Franklin solicitor says Pokemon GO could get local youngsters into trouble

Pinsir, a Pokemon, is found by a group of Pokemon Go players, Tuesday, July 12, 2016, at Bayfront Park in downtown Miami. The "Pokemon Go" craze has sent legions of players hiking around cities and battling with "pocket monsters" on their smartphones. (AP Photo/Alan Diaz)
 Franklin solicitor Brian Spaid warned city council members Monday night that the Pokemon GO video game sensation could get local youth into trouble.

Spaid said he was walking out of his office late Sunday night when he saw two groups of youngsters walking around playing the augmented-reality game.

“If you see people walking around with their phones in their face and they’re looking around, what they’re looking for, they’re not texting, some of them are chasing Pokemon,” Spaid said.

He asked city residents to keep an eye out for people not paying attention while they play, as the game might prove a distraction for pedestrians.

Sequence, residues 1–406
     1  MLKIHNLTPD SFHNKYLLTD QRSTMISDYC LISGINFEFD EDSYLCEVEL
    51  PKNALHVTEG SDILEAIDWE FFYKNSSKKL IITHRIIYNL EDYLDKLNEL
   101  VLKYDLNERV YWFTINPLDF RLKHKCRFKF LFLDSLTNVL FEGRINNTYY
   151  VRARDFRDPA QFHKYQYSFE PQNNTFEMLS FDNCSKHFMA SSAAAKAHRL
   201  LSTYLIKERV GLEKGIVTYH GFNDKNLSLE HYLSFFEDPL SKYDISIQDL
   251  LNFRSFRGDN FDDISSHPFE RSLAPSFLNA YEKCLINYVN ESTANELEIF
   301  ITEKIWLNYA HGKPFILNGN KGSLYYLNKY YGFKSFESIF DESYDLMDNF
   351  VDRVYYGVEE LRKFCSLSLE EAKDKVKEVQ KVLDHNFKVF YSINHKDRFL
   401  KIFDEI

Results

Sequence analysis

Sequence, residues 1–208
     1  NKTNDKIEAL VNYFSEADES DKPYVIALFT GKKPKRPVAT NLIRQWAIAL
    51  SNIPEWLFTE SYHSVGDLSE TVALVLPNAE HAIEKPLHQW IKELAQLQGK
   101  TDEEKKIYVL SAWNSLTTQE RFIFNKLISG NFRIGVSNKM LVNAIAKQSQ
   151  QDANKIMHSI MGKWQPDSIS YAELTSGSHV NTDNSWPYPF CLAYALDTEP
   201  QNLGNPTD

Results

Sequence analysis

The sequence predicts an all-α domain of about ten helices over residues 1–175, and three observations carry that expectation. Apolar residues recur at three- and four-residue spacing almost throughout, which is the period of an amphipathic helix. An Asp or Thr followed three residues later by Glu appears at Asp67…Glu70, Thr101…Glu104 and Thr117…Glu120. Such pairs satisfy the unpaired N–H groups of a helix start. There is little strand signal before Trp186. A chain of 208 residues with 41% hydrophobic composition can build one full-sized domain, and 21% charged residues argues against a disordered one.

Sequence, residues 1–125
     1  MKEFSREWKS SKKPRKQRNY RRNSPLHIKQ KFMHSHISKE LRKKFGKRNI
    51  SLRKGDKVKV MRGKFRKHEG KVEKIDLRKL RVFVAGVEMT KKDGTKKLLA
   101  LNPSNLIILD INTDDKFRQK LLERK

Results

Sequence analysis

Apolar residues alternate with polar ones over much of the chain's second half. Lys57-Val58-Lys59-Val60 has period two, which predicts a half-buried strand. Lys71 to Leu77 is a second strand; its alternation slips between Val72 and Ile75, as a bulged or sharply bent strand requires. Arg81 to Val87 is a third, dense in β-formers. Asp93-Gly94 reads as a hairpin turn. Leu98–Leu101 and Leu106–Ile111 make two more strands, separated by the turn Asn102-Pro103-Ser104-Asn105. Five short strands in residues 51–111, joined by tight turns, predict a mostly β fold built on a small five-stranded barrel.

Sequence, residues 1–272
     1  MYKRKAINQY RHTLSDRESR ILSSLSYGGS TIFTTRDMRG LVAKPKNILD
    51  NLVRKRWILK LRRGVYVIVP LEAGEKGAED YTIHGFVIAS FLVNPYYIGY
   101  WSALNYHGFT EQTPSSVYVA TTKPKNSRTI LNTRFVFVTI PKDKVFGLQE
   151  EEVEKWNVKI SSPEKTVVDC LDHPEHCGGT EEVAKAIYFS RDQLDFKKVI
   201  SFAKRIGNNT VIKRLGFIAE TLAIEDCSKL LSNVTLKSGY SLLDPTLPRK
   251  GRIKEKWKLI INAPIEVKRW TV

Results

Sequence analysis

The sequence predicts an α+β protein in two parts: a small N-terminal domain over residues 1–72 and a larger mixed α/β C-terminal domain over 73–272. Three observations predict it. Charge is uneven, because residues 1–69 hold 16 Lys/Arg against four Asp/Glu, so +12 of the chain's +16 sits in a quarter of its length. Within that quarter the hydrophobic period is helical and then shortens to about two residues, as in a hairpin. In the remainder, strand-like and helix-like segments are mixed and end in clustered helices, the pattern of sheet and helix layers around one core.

“Kids are out, there’s no school. I don’t want to see any children or teenagers get in trouble,” Spaid said.

Spaid says the application features landmarks where players can go collect Pokemon and that locales such as Bandstand Park close at 11 p.m.

“You can’t be in the park after 11 p.m. chasing Pokemon. Also, there’s a curfew for minors at midnight,” Spaid said. “So parents, just be aware. Make sure your kids aren’t running around in parks or hanging out after midnight on the sidewalks chasing Pokemon.”

Spaid said he doubts local police will do anything more than issue warnings.

“It’s fine, they’re being innocent, but if they stay out too late they might get themselves in trouble,” Spaid said.

Deputy mayor Donna Fletcher also warned that Pokemon GO players would “need to respect private property.”